When configuring panels in such a way, one should also consider the way in which panels are wired. Because our panels are mounted in two separate arrays that may receive differing amounts of sunlight depending on orientation and sun direction, they must be wired appropriately in order to maximize efficiency. The three panels that makeup the driver’s side array are wired together in series, and the three panels that makeup the passenger side array are also wired together in series. The two arrays are then wired together in parallel to the charge controller. This allows each array to act somewhat as its own 300w system, without being adversely effected if the other array is shaded. When the two arrays both receive sunlight, additional amperage is generated.

What Works for You – When planning your system you can go as crazy or as basic as you like. You can just bolt a bunch of panels down and be done with it, or you can come up with fancy mechanized ways to tilt the panels at the push of a button. You should take into account things like; How much power do you need? How much available roof space do you have? How much money do you want to spend? How often do you want to have to climb up on the roof? At the end of the day you need to install a solar system that works for you. So think it through, ask around, research, and consider all the pros and cons of different options. And most of all, be creative!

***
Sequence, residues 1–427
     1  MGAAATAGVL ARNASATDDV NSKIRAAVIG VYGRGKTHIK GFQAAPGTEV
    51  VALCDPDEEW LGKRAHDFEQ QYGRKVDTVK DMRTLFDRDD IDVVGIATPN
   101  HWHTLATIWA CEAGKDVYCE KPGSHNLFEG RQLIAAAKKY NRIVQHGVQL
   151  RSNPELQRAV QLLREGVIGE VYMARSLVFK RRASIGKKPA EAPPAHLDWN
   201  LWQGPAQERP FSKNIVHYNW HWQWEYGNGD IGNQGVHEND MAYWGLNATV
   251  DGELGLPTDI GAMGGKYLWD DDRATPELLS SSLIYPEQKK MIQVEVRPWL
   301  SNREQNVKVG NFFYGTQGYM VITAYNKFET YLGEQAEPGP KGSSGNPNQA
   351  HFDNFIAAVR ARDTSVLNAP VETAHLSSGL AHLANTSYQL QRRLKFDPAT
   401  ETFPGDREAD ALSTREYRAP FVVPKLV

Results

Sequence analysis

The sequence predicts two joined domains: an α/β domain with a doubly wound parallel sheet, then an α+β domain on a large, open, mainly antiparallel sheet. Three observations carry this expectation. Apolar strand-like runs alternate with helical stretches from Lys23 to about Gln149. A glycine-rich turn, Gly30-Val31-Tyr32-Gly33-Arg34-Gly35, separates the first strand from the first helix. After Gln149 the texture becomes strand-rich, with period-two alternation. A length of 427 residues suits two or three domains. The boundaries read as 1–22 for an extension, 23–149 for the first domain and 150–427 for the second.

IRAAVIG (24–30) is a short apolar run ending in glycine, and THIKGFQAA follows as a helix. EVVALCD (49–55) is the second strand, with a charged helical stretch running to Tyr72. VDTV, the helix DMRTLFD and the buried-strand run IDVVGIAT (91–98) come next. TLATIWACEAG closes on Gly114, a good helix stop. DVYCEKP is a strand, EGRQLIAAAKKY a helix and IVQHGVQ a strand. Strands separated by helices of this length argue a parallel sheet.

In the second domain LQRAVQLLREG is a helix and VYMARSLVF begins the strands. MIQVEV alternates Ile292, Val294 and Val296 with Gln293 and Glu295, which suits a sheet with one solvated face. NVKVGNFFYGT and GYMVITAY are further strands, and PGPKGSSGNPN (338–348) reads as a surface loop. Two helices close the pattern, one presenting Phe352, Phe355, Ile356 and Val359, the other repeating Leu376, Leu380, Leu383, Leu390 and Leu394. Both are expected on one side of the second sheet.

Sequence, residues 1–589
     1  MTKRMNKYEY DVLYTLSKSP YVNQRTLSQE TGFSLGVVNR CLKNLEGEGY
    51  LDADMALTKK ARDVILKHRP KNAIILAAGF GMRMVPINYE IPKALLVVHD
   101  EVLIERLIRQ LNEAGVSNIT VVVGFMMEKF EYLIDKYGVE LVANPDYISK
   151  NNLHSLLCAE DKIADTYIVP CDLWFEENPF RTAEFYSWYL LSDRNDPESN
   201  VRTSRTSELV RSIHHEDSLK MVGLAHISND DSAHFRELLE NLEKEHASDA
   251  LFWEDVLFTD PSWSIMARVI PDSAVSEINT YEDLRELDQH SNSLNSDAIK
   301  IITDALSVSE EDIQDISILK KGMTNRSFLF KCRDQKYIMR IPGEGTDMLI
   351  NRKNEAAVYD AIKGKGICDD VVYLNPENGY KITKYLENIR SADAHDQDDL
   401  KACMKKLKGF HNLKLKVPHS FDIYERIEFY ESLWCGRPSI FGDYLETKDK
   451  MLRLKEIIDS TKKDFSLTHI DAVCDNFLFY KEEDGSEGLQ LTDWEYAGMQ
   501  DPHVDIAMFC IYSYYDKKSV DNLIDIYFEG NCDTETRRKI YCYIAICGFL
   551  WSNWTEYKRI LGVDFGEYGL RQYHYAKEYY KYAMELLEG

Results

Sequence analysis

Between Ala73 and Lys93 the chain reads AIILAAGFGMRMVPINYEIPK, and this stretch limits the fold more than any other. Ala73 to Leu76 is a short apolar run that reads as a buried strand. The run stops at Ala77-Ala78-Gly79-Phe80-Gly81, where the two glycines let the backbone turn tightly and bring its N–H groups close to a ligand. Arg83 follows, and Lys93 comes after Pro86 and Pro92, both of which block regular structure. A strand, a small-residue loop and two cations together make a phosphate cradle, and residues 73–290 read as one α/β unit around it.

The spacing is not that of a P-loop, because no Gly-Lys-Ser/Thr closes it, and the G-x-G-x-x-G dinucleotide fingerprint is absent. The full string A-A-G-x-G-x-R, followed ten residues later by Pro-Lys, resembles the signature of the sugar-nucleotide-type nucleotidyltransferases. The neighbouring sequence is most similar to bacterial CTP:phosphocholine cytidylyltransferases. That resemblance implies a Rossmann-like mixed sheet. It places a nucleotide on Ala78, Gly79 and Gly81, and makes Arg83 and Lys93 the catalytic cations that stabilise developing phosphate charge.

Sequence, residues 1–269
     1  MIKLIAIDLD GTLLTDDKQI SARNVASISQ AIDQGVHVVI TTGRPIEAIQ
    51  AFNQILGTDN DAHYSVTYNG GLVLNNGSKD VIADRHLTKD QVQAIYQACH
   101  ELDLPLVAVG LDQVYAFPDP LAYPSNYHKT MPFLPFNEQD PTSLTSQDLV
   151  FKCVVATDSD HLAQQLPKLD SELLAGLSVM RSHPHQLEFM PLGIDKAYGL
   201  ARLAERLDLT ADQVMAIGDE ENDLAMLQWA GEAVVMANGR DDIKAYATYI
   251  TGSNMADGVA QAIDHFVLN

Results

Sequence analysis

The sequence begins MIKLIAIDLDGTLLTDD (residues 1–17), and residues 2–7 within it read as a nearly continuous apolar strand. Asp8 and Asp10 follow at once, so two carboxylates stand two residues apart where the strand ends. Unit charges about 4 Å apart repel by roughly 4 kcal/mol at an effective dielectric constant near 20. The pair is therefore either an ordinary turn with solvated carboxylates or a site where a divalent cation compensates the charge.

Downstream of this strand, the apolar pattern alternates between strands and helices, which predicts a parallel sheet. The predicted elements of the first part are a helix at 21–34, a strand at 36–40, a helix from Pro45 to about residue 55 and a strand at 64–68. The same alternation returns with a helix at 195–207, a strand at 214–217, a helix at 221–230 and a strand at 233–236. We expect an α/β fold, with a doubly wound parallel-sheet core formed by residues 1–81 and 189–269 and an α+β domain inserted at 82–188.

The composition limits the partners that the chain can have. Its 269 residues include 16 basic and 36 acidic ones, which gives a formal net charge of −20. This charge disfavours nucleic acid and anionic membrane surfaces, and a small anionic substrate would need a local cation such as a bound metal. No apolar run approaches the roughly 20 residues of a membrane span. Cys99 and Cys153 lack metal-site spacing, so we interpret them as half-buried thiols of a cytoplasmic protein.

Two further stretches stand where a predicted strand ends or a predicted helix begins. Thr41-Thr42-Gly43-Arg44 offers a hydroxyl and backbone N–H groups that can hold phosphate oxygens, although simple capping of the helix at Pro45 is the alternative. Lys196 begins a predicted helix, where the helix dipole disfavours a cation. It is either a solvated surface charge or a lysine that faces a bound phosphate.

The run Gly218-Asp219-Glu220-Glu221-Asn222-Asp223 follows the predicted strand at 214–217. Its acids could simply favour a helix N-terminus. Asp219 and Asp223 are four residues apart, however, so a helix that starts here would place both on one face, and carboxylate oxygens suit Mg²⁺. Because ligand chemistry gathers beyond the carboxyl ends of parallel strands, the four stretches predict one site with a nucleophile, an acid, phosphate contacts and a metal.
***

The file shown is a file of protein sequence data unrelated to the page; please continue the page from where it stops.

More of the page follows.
Been looking for the best fridge for a bus conversion? Here's a list of the most used fridge/freezers used in bus and van conversions.

*Note: These are fridges/freezers that are used the most in short bus conversions. If you have full size fridge/freezers for bigger builds let us know what you use!

Mr. Heater / Basecamp Systems 42 qt. fridge/freezer

This fridge / freezer has been tested and used by Bus Life Adventure for over two years and we find that the thick insulation and ability to add ice and have a drain in the bottom allows us to keep the load off our solar power in hot weather. It also has the ability to shut the fridge / freezer off if the level of the battery is getting too low. This is helpful in not running your house or vehicle batteries dead and leave you stranded.